Wardrobe Crisis Podcast: Clare Press meets Mary Creagh

In this week’s episode of the Wardrobe Crisis podcast, Vogue Australia’s Sustainability Editor-at-Large Clare Press speaks to British MP Mary Creagh about fixing fashion and the need for more creative fashion reuse strategies.  There’s always someone who can use it; that’s my biggest takeaway from my interview with Mary Creagh, Labour MP for Wakefield and the British parliamentarian who chairs the House of Common’s Environmental Audit Committee.  Listen to the podcast here. In February, the committee’s Fixing Fashion report made headlines around the world with its findings, which included the jaw-dropping fact that the Brits buy twice as many clothes as the Italians each year, and chuck an alarming amount of them out after just a few wears. “The average piece of clothing is worn seven times in the UK. Shocker! We throw 11 million items of clothing into the bin ever year,” says Creagh. “By now, I think we all know that there is no away. Whatever you chuck in the bin has to end up somewhere.” 

As part of her research into the issue, Creagh visited the Oxfam Wastesaver textile recycling plant in Batley, Yorkshire, which saves more than 12,000 tonnes of clothing from heading to landfill every year. 

According to the Yorkshire Post’s Stephanie Smith, the depot receives all items that aren’t sold in Oxfam stores within two weeks. Why? Well, as Creagh points out, charity shops, like other retailers, feel pressure to refresh stock as often as possible to keep customers excited.

At the Batley depot, clothes are hand-sorted and categorised according to market opportunity. “I saw all these tiny, little hand-knitted baby clothes being pulled out that have been worn once,” says Creagh. “They pull out all the stuff that could go to festivals, all of the cut-off shorts, all of the Wellies. Then there’s tonnes of Burberry Macks – these go to Windsor Horse Show – they have an Oxfam stall there.” Some things get chopped into rags.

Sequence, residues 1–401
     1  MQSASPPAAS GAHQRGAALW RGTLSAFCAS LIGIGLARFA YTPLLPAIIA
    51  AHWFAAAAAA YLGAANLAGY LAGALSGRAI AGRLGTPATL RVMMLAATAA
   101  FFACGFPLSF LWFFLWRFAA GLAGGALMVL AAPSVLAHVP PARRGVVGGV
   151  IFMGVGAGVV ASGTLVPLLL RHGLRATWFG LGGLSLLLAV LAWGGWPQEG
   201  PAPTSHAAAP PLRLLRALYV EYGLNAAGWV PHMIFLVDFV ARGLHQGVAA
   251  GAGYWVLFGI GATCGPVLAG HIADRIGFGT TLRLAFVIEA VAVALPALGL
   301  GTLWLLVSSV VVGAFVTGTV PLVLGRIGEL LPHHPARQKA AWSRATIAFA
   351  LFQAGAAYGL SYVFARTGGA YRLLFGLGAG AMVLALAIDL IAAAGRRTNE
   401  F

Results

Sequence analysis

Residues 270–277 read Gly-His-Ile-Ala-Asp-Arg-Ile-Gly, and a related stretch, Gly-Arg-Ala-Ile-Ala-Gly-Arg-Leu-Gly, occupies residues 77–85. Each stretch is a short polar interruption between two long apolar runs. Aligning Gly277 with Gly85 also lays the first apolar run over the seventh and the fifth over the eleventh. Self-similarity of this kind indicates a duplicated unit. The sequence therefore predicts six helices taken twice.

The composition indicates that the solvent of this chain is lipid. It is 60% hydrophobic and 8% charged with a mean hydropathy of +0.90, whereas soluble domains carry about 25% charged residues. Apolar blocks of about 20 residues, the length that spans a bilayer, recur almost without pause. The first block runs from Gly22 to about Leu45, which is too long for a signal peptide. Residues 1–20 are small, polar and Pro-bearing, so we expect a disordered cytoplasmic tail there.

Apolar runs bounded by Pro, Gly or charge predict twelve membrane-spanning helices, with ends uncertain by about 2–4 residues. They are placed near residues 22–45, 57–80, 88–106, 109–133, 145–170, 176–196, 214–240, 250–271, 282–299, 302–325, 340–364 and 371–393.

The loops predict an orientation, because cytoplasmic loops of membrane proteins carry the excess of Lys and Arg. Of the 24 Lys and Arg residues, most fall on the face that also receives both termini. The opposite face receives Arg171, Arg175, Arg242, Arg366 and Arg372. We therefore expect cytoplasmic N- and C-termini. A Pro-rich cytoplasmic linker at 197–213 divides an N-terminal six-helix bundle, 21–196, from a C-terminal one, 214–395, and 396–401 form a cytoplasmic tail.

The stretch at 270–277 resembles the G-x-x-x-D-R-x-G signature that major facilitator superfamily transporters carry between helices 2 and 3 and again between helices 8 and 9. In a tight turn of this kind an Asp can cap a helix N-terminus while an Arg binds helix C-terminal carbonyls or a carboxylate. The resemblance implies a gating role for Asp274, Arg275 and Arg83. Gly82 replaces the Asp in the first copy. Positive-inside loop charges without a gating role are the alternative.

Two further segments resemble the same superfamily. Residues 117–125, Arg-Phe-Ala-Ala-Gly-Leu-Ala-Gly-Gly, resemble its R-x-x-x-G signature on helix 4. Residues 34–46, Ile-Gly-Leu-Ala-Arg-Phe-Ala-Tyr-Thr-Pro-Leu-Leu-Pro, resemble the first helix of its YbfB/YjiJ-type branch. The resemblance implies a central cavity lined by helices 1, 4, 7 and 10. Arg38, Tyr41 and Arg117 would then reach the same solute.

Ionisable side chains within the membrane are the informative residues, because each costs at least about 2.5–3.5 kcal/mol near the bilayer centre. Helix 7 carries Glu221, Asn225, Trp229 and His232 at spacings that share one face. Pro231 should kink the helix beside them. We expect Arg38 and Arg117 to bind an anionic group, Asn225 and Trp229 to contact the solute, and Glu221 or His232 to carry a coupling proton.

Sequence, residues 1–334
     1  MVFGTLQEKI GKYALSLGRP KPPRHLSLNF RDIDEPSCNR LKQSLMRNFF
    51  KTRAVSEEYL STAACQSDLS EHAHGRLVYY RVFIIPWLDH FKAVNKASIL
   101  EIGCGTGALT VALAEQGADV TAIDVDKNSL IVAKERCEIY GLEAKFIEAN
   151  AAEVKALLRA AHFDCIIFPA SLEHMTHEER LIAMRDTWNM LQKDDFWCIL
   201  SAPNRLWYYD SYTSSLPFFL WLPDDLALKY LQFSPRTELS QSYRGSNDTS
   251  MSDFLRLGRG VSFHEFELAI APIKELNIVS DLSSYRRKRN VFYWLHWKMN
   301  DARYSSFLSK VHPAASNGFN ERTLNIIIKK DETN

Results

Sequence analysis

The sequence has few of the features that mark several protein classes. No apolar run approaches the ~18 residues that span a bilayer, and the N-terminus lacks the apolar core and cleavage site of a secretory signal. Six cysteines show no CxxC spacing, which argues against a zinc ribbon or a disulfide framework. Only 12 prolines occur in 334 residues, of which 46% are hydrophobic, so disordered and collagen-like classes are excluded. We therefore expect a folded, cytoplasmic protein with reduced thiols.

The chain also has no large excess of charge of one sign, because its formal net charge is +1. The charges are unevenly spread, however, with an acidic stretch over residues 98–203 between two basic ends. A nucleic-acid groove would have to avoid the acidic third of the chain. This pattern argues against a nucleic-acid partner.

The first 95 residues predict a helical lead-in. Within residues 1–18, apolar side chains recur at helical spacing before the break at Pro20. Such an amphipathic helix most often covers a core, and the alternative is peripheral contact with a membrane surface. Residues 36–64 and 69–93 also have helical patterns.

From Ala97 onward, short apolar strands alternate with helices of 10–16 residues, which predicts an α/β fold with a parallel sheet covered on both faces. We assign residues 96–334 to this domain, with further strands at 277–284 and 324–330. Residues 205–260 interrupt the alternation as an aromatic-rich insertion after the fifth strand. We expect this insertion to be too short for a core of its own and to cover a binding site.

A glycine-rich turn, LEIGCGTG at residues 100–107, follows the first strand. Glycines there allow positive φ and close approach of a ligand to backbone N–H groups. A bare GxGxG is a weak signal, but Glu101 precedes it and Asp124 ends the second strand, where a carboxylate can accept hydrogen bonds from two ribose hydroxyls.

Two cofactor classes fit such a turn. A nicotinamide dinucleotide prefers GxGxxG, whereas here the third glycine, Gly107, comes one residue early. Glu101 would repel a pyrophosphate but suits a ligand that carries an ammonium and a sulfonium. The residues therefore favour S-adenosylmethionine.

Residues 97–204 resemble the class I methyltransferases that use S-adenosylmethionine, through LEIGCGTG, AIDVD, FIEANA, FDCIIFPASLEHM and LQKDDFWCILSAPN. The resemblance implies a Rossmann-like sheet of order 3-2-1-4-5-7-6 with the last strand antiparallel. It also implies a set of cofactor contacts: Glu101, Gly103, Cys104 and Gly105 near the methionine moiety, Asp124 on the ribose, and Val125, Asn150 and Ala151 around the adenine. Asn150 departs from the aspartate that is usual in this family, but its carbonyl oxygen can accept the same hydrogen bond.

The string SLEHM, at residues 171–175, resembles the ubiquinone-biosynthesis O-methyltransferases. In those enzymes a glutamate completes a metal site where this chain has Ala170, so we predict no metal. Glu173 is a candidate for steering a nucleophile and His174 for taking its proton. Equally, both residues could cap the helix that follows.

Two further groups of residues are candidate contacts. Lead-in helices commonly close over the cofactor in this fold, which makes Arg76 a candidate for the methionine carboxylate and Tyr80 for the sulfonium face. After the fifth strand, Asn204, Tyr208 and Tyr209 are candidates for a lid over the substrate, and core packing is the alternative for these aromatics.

“Wedding dresses are a huge problem,” says Creagh. “They are literally overloaded with them. Everyone wants a new wedding dress – psychologically I understand that – but there are hundreds of them there, I’m not joking.” One solution? “They dye them for Whitby Goth Weekend!”

Creagh wants consumers as well as brands to take responsibility for fashion waste, and encourages us to reconnect with the mending skills that were second nature to our mums and grannies. With Hallowe’en coming up, we suggest you head to your local charity shop to source your costume needs – upcyling rather than buying some future-landfill plastic crap to wear once. Make like the Italians!

Whitby Goth Weekend is 25th to 27th October.

Visit Fashion For Good’s upcycled vintage wedding dress exhibition.


Discover more Wardrobe Crisis podcast episodes including Livia Firth’s here

Find out how to upcycle your neglected occassion wear and transform your wedding dress with natural dye.